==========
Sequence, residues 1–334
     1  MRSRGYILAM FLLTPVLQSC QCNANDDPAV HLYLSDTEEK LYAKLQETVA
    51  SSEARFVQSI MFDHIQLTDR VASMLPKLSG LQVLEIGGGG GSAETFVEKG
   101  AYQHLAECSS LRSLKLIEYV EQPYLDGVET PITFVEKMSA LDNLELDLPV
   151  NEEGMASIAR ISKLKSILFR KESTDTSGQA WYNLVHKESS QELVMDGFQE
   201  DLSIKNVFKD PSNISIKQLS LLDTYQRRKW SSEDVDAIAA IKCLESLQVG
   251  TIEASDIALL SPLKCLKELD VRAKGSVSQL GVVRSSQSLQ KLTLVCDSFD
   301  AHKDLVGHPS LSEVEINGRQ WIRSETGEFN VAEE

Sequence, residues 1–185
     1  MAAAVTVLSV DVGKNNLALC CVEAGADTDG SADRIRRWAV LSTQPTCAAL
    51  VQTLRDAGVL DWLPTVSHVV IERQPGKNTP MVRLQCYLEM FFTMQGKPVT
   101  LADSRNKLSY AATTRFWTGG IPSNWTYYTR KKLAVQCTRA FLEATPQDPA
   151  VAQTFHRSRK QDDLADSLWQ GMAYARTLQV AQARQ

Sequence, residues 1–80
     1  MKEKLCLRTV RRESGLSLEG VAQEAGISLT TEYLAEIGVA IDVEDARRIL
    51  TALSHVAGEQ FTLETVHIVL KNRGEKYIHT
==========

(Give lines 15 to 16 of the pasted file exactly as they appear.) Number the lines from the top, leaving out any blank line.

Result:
     1  MKEKLCLRTV RRESGLSLEG VAQEAGISLT TEYLAEIGVA IDVEDARRIL
    51  TALSHVAGEQ FTLETVHIVL KNRGEKYIHT